President Trump is apparently of two minds about China. He wants to revive the moribund trade agreement he made with Chinese President Xi Jinping in January which, by greatly increasing China’s purchase of U.S. farm products, could increase Mr. Trump’s reelection prospects. He also wants to stand up to Chinese aggression which is destabilizing much of Asia.
The Chinese are making it perfectly clear that he cannot have it both ways. They are trying to bully him by declaring “red lines” Mr. Trump must not cross in resisting Chinese aggression.
“Red line” threats became popular in 2012, when then-President Obama warned Syria’s Bashar Assad not to cross a “red line” by using chemical weapons. Mr. Obama said that there would be “enormous consequences” if he did. But a year later, when Mr. Assad used chemical weapons against his own people, Mr. Obama did nothing. His red line was an empty threat that diminished American credibility.
Over the past several weeks, China has been drawing red lines of its own in an attempt to limit American conduct on a host of issues. Its threats demand that if we don’t accede to their demands for appeasement, they will refuse to make the purchases of U.S. farm products provided for in the January agreement. They have already fallen far behind the deal’s goals for such purchases.
China’s aggression is being seen and felt all across Asia. Its new “security law,” just imposed on Hong Kong, makes criminal any actions undermining China’s central government and “collusion” with foreign forces, either of which can mean anything China decides those terms to mean. The new law supersedes all conflicting Hong Kong laws and will be enforced by Chinese police in Hong Kong.
Chinese troops killed about 20 Indian troops in mid-June in a fight along the disputed border between the two nations in the Himalayan mountains. It was the most severe fight between the two nations since about 1975.
China is still building military bases on small islands in the South China Sea. Its navy is threatening fishing boats near the Senkaku Islands, which are very close to Japan and claimed by both Japan and China. In May, China falsely claimed to have driven off a U.S. Navy ship conducting a freedom of navigation exercise in the Paracel Islands, which are also claimed by Vietnam and Japan.
China is feeling the heat generated by America’s response. The Senate, for example, unanimously passed a resolution to impose sanctions on Chinese officials, banks and businesses that help undermine Hong Kong’s already thin autonomy. In June, Mr. Trump signed a bill imposing sanctions on Chinese officials and entities responsible for the mass detention of Uighur Muslims.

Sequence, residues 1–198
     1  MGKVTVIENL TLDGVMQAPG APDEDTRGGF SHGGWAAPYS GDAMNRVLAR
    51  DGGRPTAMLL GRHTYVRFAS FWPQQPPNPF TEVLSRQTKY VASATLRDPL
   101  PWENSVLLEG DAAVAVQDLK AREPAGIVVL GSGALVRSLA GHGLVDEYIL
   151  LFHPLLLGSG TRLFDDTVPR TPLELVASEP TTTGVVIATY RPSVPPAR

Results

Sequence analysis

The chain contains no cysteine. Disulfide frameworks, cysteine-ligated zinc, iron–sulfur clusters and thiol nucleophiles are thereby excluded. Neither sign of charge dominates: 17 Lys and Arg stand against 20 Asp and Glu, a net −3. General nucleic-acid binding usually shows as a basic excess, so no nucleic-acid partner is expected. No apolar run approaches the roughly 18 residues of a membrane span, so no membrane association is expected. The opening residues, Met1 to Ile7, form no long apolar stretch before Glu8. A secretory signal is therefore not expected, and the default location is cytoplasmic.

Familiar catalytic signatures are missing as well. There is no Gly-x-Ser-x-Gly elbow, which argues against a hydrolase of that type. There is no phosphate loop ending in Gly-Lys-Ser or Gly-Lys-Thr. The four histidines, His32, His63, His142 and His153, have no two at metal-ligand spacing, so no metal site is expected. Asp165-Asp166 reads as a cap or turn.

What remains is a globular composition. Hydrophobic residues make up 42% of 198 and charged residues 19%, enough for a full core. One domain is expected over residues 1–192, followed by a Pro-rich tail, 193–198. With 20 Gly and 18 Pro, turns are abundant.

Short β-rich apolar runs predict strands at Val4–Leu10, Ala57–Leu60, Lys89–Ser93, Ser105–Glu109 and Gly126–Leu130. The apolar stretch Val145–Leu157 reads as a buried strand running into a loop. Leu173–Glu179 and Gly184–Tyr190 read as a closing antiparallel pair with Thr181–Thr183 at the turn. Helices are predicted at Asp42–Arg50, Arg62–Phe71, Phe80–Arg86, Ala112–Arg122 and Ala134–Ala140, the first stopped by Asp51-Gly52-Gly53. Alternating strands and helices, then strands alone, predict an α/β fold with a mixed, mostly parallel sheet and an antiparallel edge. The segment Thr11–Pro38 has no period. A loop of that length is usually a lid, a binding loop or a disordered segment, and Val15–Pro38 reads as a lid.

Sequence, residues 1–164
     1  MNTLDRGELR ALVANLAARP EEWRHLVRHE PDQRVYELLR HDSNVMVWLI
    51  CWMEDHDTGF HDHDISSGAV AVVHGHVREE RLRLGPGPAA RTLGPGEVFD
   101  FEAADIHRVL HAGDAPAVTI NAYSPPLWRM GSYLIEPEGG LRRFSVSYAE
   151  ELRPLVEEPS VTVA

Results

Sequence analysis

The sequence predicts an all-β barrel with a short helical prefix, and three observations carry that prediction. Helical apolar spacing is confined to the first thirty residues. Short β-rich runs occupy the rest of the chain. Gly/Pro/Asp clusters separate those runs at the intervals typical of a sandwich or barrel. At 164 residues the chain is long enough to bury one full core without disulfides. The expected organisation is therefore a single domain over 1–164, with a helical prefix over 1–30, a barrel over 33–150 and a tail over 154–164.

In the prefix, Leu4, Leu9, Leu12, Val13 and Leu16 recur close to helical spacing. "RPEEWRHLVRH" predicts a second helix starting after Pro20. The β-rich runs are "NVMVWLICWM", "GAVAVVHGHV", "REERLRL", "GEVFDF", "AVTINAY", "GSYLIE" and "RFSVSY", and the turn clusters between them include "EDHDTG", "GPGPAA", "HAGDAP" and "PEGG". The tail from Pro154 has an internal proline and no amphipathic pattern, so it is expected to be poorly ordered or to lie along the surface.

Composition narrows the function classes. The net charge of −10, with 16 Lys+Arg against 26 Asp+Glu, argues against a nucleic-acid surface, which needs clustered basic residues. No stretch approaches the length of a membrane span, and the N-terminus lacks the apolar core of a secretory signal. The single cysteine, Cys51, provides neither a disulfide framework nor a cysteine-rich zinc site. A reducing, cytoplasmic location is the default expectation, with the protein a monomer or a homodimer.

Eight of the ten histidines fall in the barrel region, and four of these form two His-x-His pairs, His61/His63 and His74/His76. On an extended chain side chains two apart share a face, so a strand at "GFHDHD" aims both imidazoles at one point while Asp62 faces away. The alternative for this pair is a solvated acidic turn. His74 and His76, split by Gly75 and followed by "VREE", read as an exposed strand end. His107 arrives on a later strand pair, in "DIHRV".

In a recent Hawaii meeting with Secretary of State Mike Pompeo, Chinese diplomats offered strong rebukes to these U.S. responses and made their statement of red lines that the U.S. must not cross, including “interference” in Hong Kong and Taiwan (which China regards as a renegade province) and the enforcing of sanctions regarding Hong Kong and the Uighur Muslims.
From the beginning of Mr. Trump’s trade negotiations with Mr. Xi, it has been obvious that China will never agree to the principal U.S. demand, which is to cease its China’s decades-long cyber-espionage campaign against U.S. military and intelligence agencies and commercial entities. By that means, China steals hundreds of billions of dollars’ worth of secrets and other intellectual property every year. There is no chance whatever that China will cease that campaign.
China may be confusing Mr. Trump’s desire for reelection with what they may believe is his willingness to appease Chinese aggression. In recent weeks, both Mr. Pompeo and National Security Adviser Robert O’Brien have strongly criticized China’s actions. There is little reason to believe that they do not speak for the president.
Mr. Trump obviously desires a further and better trade deal with China. But that desire has been greatly overstated. In former National Security Adviser John Bolton’s book, he wrote that Mr. Trump pleaded with Mr. Xi to purchase of U.S. farm products. Mr. Bolton’s account has been called entirely false by Special Trade Representative Robert Lighthizer, who was a party to that conversation.
Whatever Mr. Xi wishes to believe about Mr. Trump’s desire for reelection and all the publicity about Mr. Bolton’s book, both have to be placed in context with Mr. Trump’s actions in pulling America out of two treaties with Russia, the Intermediate-Range Ballistic Missile treaty and the treaty on Open Skies. Both demonstrate Mr. Trump’s willingness to walk away from bad deals.
Red China’s red lines should be ignored by Mr. Trump because any other course of action would amount to appeasement of Chinese aggression. Whatever functionality remains in the phase one deal between Mr. Trump and Mr. Xi, China’s purchase of U.S. farm products, while helpful to both nations’ economies, is not worth trading for our support of Hong Kong, Taiwan, India and the Chinese Uighurs, far less our own military and commercial secrets. The president should cancel Hong Kong’s special trade status, which was predicated on its newly-cancelled autonomy.
Every major economy in the world has been severely damaged by the COVID-19 pandemic, China’s more than most. Because of China’s accelerating aggression and its economic weakness, there is no better time to keep the heat on China.
• Jed Babbin, a deputy undersecretary of Defense in the George H.W. Bush administration, is the author of “In the Words of Our Enemies.”